Drishti team undergoes training in new global lifesaving guidelines
Says it has adapted to new rescue, revival protocol
PANJIM: Drishti Marine has stated that its team has undergone extensive training in the new global lifesaving guidelines in times of the COVID-19 pandemic. It has adapted to the new rescue and revival protocol in tune with the pandemic to save people’s lives.
“The new Cardiopulmonary Resuscitation (CPR) protocol has changed. Globally, hands-only CPR is recommended which includes compression of the chest, but no rescue breaths. In more advanced cases too, it's a direct shift from the regular mouth-to-mouth resuscitation to the use of a Bag Valve Mask (BVM) which is a self- inflating resuscitation device. This can reduce infections or diseases being transmitted in the process between victim and rescuer,” Ravi Shankar, who heads the operations of Drishti Marine, said.
The earlier protocol involved clearing airways to avoid sand choking, commencing CPR through compressions and moving on to a BVM only if mouth-to-mouth resuscitation could not be continued.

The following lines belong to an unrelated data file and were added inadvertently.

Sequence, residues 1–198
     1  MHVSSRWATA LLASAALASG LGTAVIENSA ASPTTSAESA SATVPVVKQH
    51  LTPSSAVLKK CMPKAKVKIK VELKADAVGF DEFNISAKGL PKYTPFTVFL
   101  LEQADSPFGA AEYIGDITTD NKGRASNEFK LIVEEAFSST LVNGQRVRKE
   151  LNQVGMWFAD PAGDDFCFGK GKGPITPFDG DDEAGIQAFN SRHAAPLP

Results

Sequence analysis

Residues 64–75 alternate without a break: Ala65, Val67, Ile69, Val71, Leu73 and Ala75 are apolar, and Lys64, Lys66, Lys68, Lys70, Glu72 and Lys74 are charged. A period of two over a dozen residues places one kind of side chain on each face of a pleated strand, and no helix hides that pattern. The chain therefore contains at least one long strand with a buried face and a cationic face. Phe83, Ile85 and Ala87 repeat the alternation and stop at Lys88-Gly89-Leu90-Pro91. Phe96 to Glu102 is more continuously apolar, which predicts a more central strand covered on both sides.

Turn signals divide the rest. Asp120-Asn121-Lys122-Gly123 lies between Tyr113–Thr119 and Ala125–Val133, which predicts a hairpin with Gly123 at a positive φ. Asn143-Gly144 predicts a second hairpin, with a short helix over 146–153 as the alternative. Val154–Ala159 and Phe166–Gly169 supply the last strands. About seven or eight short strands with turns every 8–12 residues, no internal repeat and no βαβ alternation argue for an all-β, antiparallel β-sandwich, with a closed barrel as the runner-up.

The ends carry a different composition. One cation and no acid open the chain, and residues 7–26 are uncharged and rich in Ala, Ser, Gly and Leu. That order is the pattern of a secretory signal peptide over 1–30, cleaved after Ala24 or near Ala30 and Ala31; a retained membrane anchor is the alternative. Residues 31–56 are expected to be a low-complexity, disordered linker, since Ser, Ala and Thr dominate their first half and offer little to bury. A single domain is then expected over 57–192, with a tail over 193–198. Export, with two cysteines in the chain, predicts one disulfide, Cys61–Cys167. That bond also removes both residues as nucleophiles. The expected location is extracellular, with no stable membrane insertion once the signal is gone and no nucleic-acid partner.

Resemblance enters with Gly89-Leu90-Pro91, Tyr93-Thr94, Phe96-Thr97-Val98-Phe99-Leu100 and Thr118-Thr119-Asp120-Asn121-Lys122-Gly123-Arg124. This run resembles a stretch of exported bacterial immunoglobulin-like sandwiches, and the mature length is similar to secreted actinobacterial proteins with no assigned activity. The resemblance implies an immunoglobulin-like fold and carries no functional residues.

“Rescues still involve a lot of unavoidable physical contact but the new protocol can curb it down significantly and offer safety to both, the lifeguards as well as the rescued victims”, Shankar added further explaining, “Lifeguards tug or carry the victims back to shore while the support team waiting on shore with the spine board and equipment wear masks, face shields and gloves as they commerce hand compressions and use of the BVM if required.” Wherever possible, a rescue board and jetskis are used to tug the victims back to the shore. Meanwhile an ambulance is called for by the backup team.
In cases of attempted suicide or those suffering from mental health, the lifeguards circle the person while speaking to him or her and keeping him/her calm, eventually bringing the person back to the shore.
Drishti Marine team held a CPR and first aid training programme with the guidelines for Goa Coastal Police at Betul recently.
Lifeguards have been briefed to keep a distance of two metres between themselves and others at all times and to use whistles and hailers to give instructions to people present on the beach. With Goa having completely opened up for tourism and beachgoers making a bee-line for the shores, Goa’s beaches have witnessed a swell in visitors.
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